A key committee in the Democrat-controlled Virginia Senate has proposed a congressional redistricting plan that would have cost Rep. Stanford E. Parris his seat had it been in place last November.

Parris, a Fairfax Republican who narrowly unseated three-term Democrat Herbert E. Harris, criticized the plan yesterday as the work of Christopher J. Spanos, Harris' former administrative aide, whom Parris branded "a liberal former union organizer."

The redistricting proposal, sponsored by state Sen. Adelard L. Brault (D-Fairfax), would split Prince William County between Parris' 8th and Rep. J. Kenneth Robinson's 7th districts. Under Brault's plan, eastern Prince William and northern Stafford County would remain in the 8th along with southern Fairfax County and Alexandria.

A study of last November's election results shows that Parris rolled up a 2,600-vote plurality -- more than enough to account for his winning margin of 2,100 votes -- in 14 western Prince William precincts that would be moved out of the district.

"On balance," Harris said yesterday, "the proposal would make the 8th District a little more Democratic. . . . We've got to move those folks somewhere."

The district's boundaries must be redrawn because 1980 Census figures show that the 8th District's population is about 52,000 greater than the ideal population of 534,628 required under the one-man, one-vote edict of the Supreme Court.

Del. Elise B. Heinz (D-Arlington-Alexandria), a member of the House Privileges and Elections Committee, predicted the Brault plan will pass easily when the legislature meets in a special session next week. Heinz, who stands to lose her own legislative seat because of population shifts, said the congressional proposal "is not partisan. If you look at the map, that's the logical place to cut it [the 8th] off."

Sen. Hunter B. Andrews (D-Hampton), chairman of the Senate Privileges and Elections Committee, also disavowed any partisanship. "I don't know anything about partisan considerations up there [in Northern Virginia]. All I know is that we're talking about 50,000 people."

Harris, who now practices international law in Washington, is so certain to challenge Parris in 1982 that he has not even closed his 1980 campaign headquarters, and Spanos works there when he is not in Richmond.

Harris noted that the adjoining 10th District is "virtually the ideal size. It shouldn't be tampered with." That is the position that the Senate committee has reportedly agreed to adopt, making Parris the only Northern Virginia congressman whose district should be affected by the new census.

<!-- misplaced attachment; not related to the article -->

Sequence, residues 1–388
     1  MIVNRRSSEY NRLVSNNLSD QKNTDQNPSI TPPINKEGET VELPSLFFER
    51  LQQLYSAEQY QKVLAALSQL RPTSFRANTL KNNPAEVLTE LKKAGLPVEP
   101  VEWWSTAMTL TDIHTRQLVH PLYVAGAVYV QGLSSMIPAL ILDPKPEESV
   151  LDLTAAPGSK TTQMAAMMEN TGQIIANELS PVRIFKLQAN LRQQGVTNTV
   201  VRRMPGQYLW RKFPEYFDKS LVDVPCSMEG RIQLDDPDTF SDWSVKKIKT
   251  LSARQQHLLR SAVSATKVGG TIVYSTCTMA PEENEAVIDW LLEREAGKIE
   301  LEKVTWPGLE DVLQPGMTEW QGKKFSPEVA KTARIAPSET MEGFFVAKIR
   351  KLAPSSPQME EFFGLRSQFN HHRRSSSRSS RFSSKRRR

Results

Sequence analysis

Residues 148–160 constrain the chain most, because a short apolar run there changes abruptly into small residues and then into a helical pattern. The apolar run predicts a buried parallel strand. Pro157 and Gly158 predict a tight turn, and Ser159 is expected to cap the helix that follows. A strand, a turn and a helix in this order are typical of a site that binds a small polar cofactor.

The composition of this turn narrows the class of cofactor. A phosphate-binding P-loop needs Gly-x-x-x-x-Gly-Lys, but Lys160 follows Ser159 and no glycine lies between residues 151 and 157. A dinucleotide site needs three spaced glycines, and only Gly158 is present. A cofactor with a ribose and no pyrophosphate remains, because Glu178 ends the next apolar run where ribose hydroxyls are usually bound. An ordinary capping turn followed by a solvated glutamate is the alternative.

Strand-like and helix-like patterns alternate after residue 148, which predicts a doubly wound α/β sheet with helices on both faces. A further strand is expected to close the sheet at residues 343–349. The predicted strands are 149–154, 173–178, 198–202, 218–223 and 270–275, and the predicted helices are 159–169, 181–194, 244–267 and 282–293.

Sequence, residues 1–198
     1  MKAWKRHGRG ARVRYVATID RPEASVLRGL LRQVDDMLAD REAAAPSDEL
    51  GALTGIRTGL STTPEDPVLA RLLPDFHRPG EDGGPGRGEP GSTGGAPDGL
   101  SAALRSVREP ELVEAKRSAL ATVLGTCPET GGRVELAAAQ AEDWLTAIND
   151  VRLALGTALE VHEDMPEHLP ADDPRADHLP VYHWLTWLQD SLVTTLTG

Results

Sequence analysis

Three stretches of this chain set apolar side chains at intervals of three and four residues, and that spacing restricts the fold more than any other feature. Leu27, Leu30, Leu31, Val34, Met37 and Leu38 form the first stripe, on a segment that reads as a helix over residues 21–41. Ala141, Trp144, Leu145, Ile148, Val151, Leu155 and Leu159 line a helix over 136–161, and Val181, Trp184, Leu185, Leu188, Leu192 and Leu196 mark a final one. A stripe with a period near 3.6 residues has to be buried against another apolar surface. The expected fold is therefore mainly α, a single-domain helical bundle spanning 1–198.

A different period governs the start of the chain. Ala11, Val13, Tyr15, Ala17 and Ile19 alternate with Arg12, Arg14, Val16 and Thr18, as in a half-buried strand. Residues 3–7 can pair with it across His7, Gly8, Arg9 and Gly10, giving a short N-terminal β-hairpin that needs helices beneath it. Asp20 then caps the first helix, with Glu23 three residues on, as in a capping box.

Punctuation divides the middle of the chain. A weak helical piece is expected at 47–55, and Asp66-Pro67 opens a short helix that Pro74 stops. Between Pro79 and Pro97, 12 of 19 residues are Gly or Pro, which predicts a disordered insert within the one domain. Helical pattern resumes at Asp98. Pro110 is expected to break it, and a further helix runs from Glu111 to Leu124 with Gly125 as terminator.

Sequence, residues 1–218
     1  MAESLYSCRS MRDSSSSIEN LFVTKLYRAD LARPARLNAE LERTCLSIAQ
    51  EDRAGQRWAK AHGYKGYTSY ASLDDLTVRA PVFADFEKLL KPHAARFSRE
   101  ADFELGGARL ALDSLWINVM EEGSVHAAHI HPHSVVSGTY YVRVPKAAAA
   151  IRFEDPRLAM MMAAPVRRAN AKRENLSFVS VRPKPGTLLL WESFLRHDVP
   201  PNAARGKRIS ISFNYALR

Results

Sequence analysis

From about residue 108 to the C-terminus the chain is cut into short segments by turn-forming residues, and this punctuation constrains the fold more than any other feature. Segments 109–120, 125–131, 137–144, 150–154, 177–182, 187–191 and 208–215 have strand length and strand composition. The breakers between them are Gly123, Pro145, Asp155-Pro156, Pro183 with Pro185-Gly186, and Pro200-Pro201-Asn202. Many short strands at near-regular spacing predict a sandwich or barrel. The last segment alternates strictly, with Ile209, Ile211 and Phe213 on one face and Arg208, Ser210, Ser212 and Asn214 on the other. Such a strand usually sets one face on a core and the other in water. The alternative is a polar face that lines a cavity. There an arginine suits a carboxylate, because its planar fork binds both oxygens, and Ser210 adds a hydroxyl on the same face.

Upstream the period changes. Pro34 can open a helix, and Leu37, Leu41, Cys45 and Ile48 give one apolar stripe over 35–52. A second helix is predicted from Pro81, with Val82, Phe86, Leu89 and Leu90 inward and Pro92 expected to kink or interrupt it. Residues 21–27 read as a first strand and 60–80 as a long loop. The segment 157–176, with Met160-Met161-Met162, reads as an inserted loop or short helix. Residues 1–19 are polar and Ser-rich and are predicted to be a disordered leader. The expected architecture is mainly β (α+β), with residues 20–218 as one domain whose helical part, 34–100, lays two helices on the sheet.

The 10th District seat also was captured by a conservative Republican, Frank Wolf, who unseated three-term liberal Democrat Joseph Fisher. It is not known if Fisher will challenge Wolf next year.

Parris said yesterday he is a "nowin" position, because he does not want to suggest moving anyone out of a district he recaptured after a six-year hiatus. He said he is staying out of the fight because "It's the legislature's job. Those guys are capable of doing it without outside interference. But it shouldn't be determined on a conservative or liberal basis. I don't want Spanos to be architect."

Spanos, contacted in Richmond where he is directing the campaign of Democratic lieutenant governor hopeful Richard Davis, said he was "merely advising the Democratic senators from Northern Virginia. I was working with whatever they wanted. I was hired by Abe Brault, and he very much knows his own mind."

Parris said "the guidelines are clear" and that the redrawn districts must be contiguous, numerically equal and maintain a community of interest. Splitting Prince William County between east and west, Parris said, "exacerbates the competitiveness" between the population centers of Woodbridge in the east and Manassas in the west.

Spanos responded that the county's growth "has been along radial patterns, and it may be unfortunate, but there are two distinct communities of interest."

Parris declined to say how he would redraw the boundaries, except that it should be done "around the edges" of the district. He said he may discuss his concerns with Republican Gov John N. Dalton, but said he is prepared to "live with whatever I get. Obviously, I'll have to.